Thompson Rivers University
Thompson Rivers University

5 tips: staying safe while playing outdoors this winter

  Posted on: January 4, 2017

ice waterfall ice climing

Thanks to Adventure Guide Diploma students Mark Brophy and Ryan Rieberger for the photos.

With new snow during the past few weeks and more snow to come, many of us have been getting outdoors and enjoying what this beautiful season has to offer.

Whether your sense of fun is a snowshoe walk on manicured trails, floating on deep powder in the back country or navigating a route up a frozen waterfall, safety should be topmost. Despite its beauty, winter can quickly turn dangerous and even fatal if simple safety rules aren’t followed.

With that in mind, we turn to Adventure Guide Diploma students Mark Brophy and Ryan Rieberger to share five safety tips that can be easily applied while still keeping your adventures fun.

1. Weather

Before you set out, check the current and forecast weather at Environment Canada 24-Hour Forecast. Keep an eye out for temperature, wind and precipitation. If going into avalanche terrain, consult the avalanche forecast on Avalanche Canada. Also, refer to Spot WX for weather conditions. Further, it’s a good idea to know in advance what time sunset is: see Environment Canada.

2. Trip plan

Tell a friend or family member where you are going and when you plan to be back. The more detail the better, but you don’t have to go over the top.
AdventureSmart has this easy-to-use online trip planner.

3. Extras

Bring extra food and water, both of which are important to keep the body fuelled and warm in the cold. Extra layers can be a life saver when temperatures drop, wind picks up, or snow comes down heavy. And always pack a headlamp because it gets dark surprising early in the winter, as you know if you have checked that in advance.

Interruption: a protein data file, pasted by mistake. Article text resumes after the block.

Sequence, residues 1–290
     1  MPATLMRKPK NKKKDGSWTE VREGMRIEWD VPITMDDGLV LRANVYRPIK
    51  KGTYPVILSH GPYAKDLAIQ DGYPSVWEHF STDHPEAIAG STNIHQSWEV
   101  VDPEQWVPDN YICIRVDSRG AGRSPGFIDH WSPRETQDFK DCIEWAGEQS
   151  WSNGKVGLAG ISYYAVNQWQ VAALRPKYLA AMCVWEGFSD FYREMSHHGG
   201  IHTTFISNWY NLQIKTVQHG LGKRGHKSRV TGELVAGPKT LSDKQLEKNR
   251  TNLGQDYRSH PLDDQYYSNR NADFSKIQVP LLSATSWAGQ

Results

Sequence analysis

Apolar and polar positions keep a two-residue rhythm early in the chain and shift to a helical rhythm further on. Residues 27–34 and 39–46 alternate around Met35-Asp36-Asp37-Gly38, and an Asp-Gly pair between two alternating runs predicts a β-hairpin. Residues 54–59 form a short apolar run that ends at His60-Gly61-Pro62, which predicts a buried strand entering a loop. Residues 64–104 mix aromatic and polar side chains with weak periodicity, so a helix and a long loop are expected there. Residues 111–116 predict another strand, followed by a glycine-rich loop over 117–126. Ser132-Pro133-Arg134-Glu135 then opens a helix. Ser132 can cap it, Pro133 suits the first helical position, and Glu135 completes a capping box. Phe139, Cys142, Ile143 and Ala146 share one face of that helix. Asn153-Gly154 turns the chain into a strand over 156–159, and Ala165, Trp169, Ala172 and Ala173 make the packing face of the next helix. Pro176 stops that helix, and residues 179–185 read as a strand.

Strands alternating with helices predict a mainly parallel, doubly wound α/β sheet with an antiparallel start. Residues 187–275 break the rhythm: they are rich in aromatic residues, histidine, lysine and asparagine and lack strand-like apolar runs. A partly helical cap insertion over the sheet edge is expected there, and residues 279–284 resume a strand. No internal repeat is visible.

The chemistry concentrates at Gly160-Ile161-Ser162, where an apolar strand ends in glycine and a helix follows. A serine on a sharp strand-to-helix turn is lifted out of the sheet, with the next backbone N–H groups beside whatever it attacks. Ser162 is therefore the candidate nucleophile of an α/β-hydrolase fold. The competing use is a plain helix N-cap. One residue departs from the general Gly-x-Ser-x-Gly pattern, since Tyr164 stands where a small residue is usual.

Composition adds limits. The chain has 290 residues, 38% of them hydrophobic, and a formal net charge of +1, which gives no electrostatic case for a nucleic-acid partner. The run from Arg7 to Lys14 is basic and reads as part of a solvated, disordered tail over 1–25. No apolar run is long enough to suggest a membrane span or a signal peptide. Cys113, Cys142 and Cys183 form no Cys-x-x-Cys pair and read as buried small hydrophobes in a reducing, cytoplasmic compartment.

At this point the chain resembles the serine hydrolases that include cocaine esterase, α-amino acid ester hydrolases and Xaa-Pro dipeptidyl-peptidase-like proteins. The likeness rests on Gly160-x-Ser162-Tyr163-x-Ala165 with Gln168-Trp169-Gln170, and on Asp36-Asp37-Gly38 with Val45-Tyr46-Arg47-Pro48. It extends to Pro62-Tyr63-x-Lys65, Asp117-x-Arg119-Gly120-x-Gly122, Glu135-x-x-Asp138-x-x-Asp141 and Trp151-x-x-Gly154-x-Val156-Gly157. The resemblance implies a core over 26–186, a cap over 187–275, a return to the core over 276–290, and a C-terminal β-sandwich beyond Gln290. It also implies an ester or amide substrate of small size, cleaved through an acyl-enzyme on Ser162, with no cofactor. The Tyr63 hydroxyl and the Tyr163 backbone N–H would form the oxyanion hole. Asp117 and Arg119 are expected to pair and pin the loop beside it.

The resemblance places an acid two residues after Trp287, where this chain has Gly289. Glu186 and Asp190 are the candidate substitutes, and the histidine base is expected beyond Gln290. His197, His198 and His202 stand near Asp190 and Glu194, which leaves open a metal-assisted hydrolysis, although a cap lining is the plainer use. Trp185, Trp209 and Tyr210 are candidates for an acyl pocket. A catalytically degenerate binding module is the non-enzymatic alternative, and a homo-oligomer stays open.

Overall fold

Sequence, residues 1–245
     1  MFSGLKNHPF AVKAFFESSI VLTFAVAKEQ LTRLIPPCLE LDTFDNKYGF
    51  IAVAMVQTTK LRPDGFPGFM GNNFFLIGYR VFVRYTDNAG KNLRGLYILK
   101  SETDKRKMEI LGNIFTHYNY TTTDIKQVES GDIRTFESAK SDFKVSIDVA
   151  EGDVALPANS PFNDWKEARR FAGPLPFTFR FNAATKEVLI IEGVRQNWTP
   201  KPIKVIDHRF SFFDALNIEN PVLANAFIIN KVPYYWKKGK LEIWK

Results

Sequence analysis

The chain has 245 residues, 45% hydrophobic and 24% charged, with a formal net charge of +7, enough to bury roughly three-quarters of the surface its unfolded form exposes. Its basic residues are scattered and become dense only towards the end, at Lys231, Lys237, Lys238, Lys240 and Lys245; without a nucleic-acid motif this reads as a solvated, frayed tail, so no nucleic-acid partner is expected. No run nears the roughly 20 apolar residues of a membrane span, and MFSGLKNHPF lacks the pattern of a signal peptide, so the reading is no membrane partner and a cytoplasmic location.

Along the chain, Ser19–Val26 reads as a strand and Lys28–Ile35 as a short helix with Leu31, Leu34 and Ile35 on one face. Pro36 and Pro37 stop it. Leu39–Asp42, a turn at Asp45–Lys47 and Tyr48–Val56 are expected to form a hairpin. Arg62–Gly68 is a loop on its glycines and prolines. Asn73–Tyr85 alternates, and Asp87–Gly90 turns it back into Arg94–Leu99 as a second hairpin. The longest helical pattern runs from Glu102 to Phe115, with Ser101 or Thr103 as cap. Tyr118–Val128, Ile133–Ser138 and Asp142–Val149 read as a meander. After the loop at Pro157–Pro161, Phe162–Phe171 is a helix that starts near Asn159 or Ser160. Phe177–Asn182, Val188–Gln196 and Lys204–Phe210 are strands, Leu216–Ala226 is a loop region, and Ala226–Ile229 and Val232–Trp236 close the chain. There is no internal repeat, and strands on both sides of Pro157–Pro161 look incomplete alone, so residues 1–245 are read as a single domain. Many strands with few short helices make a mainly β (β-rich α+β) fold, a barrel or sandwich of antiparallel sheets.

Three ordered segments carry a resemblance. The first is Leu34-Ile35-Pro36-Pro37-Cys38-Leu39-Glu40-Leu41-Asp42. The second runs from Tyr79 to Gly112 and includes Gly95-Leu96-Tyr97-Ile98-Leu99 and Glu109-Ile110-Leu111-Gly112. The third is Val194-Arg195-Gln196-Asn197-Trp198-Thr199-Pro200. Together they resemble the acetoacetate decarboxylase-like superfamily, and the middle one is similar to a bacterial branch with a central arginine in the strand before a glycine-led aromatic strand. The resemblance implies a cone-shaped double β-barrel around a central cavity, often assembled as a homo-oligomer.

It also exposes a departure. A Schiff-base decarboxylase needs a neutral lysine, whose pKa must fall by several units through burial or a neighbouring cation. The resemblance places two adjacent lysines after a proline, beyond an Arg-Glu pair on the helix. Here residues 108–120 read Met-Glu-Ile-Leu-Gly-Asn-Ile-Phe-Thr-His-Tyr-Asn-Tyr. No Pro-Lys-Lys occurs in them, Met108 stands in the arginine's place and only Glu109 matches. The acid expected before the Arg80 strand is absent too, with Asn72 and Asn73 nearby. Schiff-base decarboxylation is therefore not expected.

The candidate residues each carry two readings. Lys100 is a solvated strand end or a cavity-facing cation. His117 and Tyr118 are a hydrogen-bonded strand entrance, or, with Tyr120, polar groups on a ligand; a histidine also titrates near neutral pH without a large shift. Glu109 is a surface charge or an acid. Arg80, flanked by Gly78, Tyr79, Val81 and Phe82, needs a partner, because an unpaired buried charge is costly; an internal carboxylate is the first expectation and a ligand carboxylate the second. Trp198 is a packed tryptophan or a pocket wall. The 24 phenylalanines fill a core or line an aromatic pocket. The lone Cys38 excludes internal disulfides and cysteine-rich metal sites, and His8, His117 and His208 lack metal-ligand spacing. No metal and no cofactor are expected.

4. Educate yourself

Going into bigger terrain or further afield? Go with friends who have more experience winter exploring, build your knowledge base, start looking for what you don’t know and then actively find the answers. For example, take an avalanche course, like Avalanche Skills Training (AST) 1.
Training and more resources can be found at Avalanche Canada.

5. Transportation

All of the above is useless if you slide off the road on the way to your trip. So, throw on some winter tires; pack an emergency kit (blanket, candles, shovel, etc.); and maybe put some extra weight in the back, including chains for those winter tires. Check road conditions before you go and give yourself extra time to get there. Refer to Drive BC for road conditions.

backcountry-panorama-mark-brophy-sized-down